First Student bus strike causes turmoil at Clark Magnet


Mr. Nick Doom​

Buses of all shapes and sizes were being used for the bus strike.

It was just a normal Thursday morning at Clark, until students walked through the front door. “It was absolutely surreal,” said Alen Avunjian, a senior at Clark. “I’ve been here for four years now and I have never seen anything like this.”

Avunjian and the rest of Clark students and parents were notified less than an hour before the opening bell last Thursday that First Student bus drivers had gone on strike that morning. The school administrators directed the traffic onslaught from parents driving their kids to school. “It was an interesting experience,” said Assistant Principal Dr. Brian Landisi. “I’m just proud that our Clark students stepped up and came to school, even with the bus strike.”

As the bus strike progressed into this week, the administration continued notifying the students and parents when buses would be available. Of the 13 buses, only Bus 105 continued to operate the first couple of days during the strike.

The official comment that Clark Magnet Publications got from the First Student Headquarters in Ohio was this: “Negotiations between First Student and the bus drivers union is still ongoing, with details such as wage and sick days still being the major roadblock to the end of the strike. For now, students will unfortunately have to find their own transportation until this issue is resolved.”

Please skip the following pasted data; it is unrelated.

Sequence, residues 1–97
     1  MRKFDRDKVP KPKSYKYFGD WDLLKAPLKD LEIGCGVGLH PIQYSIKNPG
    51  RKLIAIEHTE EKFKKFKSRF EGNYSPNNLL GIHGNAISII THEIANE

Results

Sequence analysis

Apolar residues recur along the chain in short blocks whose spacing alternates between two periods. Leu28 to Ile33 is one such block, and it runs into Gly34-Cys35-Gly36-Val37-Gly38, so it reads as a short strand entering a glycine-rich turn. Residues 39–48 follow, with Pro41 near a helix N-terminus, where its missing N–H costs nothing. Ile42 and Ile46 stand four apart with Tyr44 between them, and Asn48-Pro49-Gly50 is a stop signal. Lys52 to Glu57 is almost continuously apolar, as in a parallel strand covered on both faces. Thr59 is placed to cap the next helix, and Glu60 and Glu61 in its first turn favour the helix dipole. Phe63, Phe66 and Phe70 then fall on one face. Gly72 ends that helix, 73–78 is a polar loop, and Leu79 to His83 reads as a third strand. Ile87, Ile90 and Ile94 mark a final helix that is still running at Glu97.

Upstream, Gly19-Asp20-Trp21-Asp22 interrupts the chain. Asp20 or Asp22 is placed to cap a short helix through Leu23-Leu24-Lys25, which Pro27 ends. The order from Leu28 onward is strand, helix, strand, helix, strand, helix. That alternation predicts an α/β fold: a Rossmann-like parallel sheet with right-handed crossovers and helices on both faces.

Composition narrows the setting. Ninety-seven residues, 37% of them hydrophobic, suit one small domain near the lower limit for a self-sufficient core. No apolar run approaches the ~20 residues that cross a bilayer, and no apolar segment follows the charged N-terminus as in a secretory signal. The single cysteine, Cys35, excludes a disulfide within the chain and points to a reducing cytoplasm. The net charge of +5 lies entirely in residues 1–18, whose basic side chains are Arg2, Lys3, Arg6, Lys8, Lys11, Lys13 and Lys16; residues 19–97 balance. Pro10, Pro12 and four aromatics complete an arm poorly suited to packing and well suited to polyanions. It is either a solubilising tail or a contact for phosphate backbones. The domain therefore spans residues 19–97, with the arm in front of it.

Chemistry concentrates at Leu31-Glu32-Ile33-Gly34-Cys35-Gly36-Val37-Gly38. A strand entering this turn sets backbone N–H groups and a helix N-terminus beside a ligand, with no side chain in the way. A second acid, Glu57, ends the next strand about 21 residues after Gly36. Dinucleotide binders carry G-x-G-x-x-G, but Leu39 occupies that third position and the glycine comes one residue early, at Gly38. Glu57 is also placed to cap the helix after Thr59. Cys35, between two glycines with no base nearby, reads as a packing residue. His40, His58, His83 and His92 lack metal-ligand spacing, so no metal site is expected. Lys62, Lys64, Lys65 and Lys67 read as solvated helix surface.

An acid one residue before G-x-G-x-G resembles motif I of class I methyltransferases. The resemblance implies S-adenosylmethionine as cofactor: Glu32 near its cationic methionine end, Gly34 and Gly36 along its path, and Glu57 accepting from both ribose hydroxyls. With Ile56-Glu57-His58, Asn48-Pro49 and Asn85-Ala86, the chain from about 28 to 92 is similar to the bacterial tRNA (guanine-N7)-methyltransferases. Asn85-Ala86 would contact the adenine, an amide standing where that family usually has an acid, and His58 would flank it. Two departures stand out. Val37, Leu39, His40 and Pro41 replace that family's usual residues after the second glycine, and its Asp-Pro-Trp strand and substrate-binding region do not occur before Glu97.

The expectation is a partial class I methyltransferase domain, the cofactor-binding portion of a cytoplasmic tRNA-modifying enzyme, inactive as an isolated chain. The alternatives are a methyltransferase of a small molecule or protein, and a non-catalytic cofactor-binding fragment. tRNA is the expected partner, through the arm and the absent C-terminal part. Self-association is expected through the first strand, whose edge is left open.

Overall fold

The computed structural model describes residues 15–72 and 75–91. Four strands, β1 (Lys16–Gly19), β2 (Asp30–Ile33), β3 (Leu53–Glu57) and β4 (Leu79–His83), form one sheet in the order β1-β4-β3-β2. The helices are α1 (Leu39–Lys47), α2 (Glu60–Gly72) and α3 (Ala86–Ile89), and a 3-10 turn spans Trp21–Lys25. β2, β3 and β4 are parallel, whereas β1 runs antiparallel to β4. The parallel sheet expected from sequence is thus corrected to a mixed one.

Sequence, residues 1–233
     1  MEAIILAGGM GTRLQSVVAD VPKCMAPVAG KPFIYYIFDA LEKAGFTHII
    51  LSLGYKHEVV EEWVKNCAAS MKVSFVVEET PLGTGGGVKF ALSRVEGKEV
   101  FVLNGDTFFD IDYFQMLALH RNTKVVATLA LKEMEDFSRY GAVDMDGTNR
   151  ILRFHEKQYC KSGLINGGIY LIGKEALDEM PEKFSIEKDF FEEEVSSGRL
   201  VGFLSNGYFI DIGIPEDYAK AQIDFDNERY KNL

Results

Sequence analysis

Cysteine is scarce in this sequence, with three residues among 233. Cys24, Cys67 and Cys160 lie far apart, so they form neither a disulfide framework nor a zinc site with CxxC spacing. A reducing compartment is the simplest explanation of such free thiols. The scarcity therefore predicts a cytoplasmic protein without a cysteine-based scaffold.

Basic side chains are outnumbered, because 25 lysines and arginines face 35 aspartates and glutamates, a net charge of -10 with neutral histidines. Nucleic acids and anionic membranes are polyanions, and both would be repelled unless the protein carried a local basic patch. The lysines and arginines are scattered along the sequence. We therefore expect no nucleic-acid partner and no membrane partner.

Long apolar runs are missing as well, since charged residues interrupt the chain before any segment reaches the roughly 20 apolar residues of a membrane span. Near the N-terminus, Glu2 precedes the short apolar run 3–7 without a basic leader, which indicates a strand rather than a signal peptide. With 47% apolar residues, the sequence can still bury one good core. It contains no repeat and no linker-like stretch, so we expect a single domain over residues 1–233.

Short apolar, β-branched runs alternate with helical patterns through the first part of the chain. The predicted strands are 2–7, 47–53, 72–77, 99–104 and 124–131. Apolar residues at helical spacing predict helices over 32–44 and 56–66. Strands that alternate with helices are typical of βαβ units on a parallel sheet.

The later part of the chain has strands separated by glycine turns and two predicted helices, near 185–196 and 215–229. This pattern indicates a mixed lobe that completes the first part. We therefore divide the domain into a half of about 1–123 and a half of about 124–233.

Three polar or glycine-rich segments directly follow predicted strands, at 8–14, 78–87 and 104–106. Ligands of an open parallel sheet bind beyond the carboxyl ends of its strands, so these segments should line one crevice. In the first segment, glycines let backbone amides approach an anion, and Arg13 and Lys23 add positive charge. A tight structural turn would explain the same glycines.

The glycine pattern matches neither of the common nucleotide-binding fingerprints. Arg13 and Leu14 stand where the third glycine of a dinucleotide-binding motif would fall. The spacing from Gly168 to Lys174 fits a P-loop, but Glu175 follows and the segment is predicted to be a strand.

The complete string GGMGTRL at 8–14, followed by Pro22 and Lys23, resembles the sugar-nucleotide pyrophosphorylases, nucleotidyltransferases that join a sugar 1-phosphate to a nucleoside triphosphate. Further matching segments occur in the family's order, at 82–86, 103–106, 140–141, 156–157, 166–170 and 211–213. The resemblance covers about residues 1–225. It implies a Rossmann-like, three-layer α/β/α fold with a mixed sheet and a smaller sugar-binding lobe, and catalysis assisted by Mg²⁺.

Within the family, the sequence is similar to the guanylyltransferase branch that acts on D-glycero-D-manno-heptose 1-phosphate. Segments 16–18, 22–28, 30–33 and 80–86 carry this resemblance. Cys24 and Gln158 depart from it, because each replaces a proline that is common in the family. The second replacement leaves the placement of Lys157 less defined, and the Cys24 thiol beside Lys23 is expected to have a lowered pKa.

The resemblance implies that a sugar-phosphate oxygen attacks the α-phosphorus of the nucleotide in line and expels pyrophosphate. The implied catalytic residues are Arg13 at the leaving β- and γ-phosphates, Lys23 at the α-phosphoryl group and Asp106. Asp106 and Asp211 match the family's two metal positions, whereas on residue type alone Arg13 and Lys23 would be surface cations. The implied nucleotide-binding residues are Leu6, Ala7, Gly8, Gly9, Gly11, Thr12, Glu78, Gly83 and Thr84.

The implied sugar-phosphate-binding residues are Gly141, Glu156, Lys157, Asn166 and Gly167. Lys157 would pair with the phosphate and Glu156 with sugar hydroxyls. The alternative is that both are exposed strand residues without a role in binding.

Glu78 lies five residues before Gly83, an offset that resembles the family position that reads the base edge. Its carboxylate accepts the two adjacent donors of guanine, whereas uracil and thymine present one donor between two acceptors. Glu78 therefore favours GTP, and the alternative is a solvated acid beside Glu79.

“It’s extremely frustrating,” said Sebastian Velasquez, a senior at Clark. “I need this bus to take me to and from school, and with it being out, it forces my parents to leave work and pick me up, something they cannot keep on doing.”

As of January 23, eight buses have now become available for Clark students to use for transportation, which is roughly half of the buses that usually come to the school.

Around 70 percent of the students at Clark ride the bus, according to Landisi. Since the school’s inception in 1998, First Student bus drivers have never gone on strike. This strike has also been affecting school in neighboring districts such as Pasadena Unified School District, with 1,200 students being forced to find another method of transportation.

However, the views are different from a bus driver perspective. One bus driver who showed up to Clark on Monday said, “I do sympathize with the cause of the strike, with us not nearly getting enough benefits and bonuses that we need to thrive. However, I still need to earn the money I can, which is why I am working today instead of striking.”